Hisserdude

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About Hisserdude

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    Rhinoceros Cockroach
  • Birthday 03/13/2000

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    http://invertebratedude.blogspot.com

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  • Gender
    Male
  • Location
    Idaho, USA.
  • Interests
    Keeping inverts, including cockroaches! Also gardening, reading, playing Monster Hunter and watching Doctor Who and MLP:FIM.

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  1. Thanks! Not that big, a little bigger than your average P.scaber, at least that's how big all of mine are, they may have some growing to do though, who knows?
  2. See, you probably wouldn't want to keep lesser mealworms with red runners, as I'm sure they'd eat their oothecae. Beetles and isopods should only be kept with live bearers, as both can eat roach oothecae occasionally, springtails are OK for egg layers though, however I'm having a lot of trouble with Sinella curviseta, in certain cages (namely those of slow breeding/growing roach species), they are stressing out even my larger roaches... Yeah you are supposed to just leave the egg cases with the adult lats wherever they land, if they are well fed they shouldn't cannibalize the ooths.
  3. Just got some of these really cool Spanish isopods, they are easier to breed but have almost the same care requirements as the rarer Spanish species like P.bolivari and P.magnificus, hope they do well for me! They have a grey and and and orange morph, unfortunately the coloration seems to be random and apparently can't be isolated.
  4. Well then, sounds like it should work out just fine!
  5. I think Gromphadorhina and Elliptorhina nymphs look pretty similar, and would be hard to tell apart, Aeluropoda nymphs are flatter though, (I think), TBH I'm not sure of a good way to tell nymphs of all the genera apart. BTW, "Princisia" is likely an invalid genus, and the sole member of that genus almost certainly belongs in Gromphadorhina, and can hybridize with them too...
  6. Yeah, large pitchers would be able to eat large roach nymphs, and I've fed smaller roaches to my Venus flytrap, seems to like them a lot. Only thing is, I think you'd need a lot of plants to keep all your colonies under control, they are pretty slow eaters compared to reptiles or amphibians for example.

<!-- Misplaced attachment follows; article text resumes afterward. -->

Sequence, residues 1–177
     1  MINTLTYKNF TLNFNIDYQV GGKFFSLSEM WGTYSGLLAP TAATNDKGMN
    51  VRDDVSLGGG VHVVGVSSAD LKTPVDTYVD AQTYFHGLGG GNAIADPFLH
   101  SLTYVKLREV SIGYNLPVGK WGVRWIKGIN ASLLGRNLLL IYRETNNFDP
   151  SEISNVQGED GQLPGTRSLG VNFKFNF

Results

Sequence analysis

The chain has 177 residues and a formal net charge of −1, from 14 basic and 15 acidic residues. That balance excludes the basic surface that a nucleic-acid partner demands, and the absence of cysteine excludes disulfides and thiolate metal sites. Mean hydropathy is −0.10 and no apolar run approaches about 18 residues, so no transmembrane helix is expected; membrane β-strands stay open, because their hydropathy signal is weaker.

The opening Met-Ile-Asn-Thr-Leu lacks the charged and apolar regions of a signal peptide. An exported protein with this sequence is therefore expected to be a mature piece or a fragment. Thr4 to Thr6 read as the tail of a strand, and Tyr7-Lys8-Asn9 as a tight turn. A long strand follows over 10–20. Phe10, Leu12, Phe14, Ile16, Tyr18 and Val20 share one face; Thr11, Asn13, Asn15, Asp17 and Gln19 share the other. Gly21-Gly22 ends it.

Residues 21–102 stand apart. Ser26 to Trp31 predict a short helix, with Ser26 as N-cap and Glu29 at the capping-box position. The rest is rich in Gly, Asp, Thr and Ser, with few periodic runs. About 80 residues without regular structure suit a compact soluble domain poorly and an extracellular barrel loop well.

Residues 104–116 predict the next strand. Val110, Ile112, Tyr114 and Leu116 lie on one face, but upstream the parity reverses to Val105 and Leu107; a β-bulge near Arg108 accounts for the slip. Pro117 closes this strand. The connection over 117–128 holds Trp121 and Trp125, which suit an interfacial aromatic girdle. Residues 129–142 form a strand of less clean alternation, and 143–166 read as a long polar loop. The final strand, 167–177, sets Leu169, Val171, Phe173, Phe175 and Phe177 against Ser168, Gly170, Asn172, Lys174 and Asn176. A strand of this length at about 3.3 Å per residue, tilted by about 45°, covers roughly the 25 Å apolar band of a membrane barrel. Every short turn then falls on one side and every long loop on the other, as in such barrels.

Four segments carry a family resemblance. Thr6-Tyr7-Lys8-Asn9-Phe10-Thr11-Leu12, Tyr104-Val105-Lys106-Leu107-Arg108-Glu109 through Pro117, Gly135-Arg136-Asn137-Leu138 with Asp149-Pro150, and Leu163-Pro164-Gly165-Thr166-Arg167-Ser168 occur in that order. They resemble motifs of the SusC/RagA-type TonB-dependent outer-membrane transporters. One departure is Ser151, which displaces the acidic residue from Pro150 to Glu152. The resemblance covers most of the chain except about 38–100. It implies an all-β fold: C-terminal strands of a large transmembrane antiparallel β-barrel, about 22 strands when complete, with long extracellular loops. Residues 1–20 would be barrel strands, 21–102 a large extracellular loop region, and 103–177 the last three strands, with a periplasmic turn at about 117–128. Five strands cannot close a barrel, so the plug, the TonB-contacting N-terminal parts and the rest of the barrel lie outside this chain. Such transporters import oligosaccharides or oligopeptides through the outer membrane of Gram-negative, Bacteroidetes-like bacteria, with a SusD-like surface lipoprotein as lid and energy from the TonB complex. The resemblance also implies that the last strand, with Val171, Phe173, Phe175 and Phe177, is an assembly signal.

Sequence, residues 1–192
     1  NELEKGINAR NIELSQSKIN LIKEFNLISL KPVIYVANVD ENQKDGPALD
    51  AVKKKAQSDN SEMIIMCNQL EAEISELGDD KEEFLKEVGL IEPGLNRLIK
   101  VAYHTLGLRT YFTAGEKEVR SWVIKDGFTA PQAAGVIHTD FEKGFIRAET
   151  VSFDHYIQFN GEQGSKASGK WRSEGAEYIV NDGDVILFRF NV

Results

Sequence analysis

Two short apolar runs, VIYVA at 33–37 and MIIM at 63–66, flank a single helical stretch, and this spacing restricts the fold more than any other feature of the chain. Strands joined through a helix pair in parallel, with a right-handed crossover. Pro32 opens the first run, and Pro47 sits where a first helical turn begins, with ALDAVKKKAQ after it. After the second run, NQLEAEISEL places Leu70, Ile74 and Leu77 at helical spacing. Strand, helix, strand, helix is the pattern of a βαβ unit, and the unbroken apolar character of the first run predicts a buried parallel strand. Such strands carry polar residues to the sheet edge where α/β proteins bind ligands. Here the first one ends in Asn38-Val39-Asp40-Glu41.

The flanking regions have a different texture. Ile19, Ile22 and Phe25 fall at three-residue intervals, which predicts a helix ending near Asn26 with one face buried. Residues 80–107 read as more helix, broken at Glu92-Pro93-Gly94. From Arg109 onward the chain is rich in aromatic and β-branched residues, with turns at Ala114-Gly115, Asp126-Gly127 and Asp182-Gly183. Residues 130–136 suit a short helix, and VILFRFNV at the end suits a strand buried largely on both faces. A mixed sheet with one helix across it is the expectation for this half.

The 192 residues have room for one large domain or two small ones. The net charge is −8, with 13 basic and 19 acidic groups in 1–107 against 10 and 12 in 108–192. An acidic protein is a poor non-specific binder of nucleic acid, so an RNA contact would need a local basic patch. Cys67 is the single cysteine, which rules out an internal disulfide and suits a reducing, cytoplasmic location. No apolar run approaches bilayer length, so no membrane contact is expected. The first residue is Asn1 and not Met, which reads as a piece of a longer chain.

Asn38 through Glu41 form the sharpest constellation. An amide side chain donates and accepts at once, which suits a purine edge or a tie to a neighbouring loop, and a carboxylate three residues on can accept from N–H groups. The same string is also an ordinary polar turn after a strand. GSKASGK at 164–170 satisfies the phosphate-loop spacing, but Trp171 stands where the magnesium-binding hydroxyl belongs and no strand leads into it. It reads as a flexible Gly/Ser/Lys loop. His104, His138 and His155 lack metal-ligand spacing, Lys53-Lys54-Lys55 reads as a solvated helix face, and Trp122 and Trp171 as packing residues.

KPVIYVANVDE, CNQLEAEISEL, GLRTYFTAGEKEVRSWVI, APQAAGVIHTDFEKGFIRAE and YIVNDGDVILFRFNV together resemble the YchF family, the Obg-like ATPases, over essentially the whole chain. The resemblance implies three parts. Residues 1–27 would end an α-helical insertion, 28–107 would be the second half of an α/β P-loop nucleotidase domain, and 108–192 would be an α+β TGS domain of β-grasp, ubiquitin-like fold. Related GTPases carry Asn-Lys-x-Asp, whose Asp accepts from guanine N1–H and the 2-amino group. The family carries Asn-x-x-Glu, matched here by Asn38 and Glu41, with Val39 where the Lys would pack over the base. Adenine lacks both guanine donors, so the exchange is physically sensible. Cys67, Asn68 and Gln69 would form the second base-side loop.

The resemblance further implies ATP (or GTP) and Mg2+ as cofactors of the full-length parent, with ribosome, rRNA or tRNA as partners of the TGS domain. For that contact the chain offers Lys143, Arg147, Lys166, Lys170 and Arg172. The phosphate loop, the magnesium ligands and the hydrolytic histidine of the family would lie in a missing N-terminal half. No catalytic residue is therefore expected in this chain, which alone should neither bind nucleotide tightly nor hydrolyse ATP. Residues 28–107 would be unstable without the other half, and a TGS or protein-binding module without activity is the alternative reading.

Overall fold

7. Glad you were able to get them out, sorry to hear about the one with the missing leg though. It should grow the leg back over a molt or two, so by the time it's mature it should have all six legs again.
  8. Lol, that is quite funny! Hopefully they can get out just fine, funny that they'd pick that over all the other hides in the enclosure!
  9. Oh jeez LMAO!! Well at least they haven't escaped, can they get out of the temperature gauge if they try?
  10. Ah, good to know! Yeah I never saw my nymphs exhibit any suckling behavior, so I'm pretty sure they just eat normal food as nymphs.
  11. Sounds like you got quite the collection lol, good for you! Glad to have you here on the forum, hope you enjoy it here!
  12. Yeah, maybe, I should try to get that fungus to infest my enclosures again, would be interesting to see which species it works on, if it is truly the cause of the Pied coloration. Then again, I also had some weird, Pied Porcellio scaber that also only produced normal offspring, and they weren't in contact with that mold at all, so maybe I just have had bad luck in getting morphs that produce anything other than normal offspring. Thanks, I'm glad they are breeding true too, now if only they could breed a little faster lol!
  13. You know, now that I think of it, the Pied Cylisticus only started popping up after this annoying fungus showed up in their enclosure that turned their substrate into one solid mat, didn't seem to bother them much so I didn't bother removing it. Also, at about the same time I isolated the Pied Cylisticus, I found a random Armadillidium vulgare in their enclosure, and it was also Pied. Unfortunately I did not bother isolating it or taking pics of it, even though it was quite an unusual specimen. So maybe it was that fungus that altered their coloration for some reason, sadly it rotted away and died in their enclosure, so if it was the cause of the Pied coloration, I sadly can't recreate those conditions. Cool, I think I'm gonna go with the "Mardi Gras", though "Party" is nice too... Sure thing, will add you to the list! Hopefully I'll have some available later this year!
  14. If they are those gasket containers then it should be escape proof, maybe they are just staying well hidden in their enclosure, or they got out sneakily when you had the lid off while checking up on them, (it's happened to me before).
  15. Is the lid on the enclosure airtight? Because small hissers are escape artists, so if there is even the smallest gap in between the rim of the enclosure and the lid, they'll squeeze out and escape, no matter how "content" they may seem...